Acquires Radian6 In A Push Towards Social CRM

It's been quiet on the social media data acquisition front the past few months, but today's announcement — that plans to acquire Radian6 — is the biggest news yet, both financially ($326 million) and for what it means to the social space. First off, congratulations to both parties involved; this deal will benefit you both.

Watching the two companies over the past year, this acquisition comes as a natural extension of what was already a strong partnership. Radian6 was one of the first listening platforms to identify the need for — and implement — integration. recently announced a Radian6 app as part of its service cloud. Last month Radian6 began feeding's Chatter data into its Engagement Console. And just last year, Radian6 brought on a new director — former CMO, Tien Tzuo — to advise on its SaaS offering. The deal is a logical step for and a testatment to Radian6's strength in the listening platform market.

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So, NetApp Wants To Be A Hardware Vendor?

Yesterday, NetApp announced the acquisition of the Engenio storage division of LSI for $480 million.  Engenio is mainly known as an OEM provider of storage systems with a broad partner list that includes IBM, Sun, Blue-Arc, Teradata, Panasas, RAID Inc., SGI  and Huawei.

This move follows a busy year of storage acquisitions with HP, EMC and Dell each spending more than a billion dollars on buys in the space. $480 million represents the biggest acquisition ever for NetApp, more than they spent this past year on Bycast and Akorri, or previously on Onaro, Topio, Decru or Spinnaker.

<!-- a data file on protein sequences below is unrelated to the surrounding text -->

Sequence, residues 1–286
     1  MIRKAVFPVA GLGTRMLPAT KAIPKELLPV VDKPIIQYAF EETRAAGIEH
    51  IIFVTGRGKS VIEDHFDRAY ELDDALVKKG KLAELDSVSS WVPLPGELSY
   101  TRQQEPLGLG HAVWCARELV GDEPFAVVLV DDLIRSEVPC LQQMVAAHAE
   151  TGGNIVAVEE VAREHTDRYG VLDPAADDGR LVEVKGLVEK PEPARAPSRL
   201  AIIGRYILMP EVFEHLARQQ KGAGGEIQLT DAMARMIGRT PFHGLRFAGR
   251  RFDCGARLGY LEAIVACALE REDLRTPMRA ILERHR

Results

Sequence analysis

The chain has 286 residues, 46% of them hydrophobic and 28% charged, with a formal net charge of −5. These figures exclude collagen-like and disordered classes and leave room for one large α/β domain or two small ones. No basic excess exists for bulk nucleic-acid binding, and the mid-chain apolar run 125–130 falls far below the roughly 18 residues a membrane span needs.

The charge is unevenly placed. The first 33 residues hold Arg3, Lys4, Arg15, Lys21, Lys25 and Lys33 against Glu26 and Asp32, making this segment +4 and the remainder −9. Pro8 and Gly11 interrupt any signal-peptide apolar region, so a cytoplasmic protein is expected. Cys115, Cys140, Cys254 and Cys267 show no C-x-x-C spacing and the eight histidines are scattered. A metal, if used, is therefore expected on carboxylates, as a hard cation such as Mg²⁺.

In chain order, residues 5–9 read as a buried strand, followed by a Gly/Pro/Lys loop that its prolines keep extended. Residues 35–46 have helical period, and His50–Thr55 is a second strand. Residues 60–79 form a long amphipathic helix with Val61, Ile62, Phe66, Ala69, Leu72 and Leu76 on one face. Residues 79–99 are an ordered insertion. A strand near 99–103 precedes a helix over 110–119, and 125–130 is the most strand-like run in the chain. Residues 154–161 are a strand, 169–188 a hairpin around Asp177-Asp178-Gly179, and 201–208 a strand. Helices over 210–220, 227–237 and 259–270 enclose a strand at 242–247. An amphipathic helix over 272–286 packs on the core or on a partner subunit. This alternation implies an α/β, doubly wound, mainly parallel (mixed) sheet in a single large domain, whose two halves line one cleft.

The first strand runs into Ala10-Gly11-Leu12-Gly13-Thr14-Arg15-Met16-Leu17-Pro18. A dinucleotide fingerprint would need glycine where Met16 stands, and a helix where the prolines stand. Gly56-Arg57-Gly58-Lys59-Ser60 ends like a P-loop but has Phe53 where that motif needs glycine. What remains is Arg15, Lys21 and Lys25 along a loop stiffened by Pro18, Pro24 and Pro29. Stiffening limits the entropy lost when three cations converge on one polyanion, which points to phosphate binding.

Most of the money in storage acquisitions has gone to software that can be mated to industry standard (or nearly standard) hardware, but this deal goes in a different direction with LSI being a vendor known for meat and potatoes Fibre Channel storage hardware without a lot of frills. NetApp is largely a software company that sells OEM hardware running their DataONTap operating system, chock full of some of the most features and protocol options in the industry. Focusing on differentiated software has allowed NetApp to enjoy high margins and a consistent, unified family of products from entry level to enterprise class. So why would NetApp want to jump into the fairly commoditized storage hardware business?

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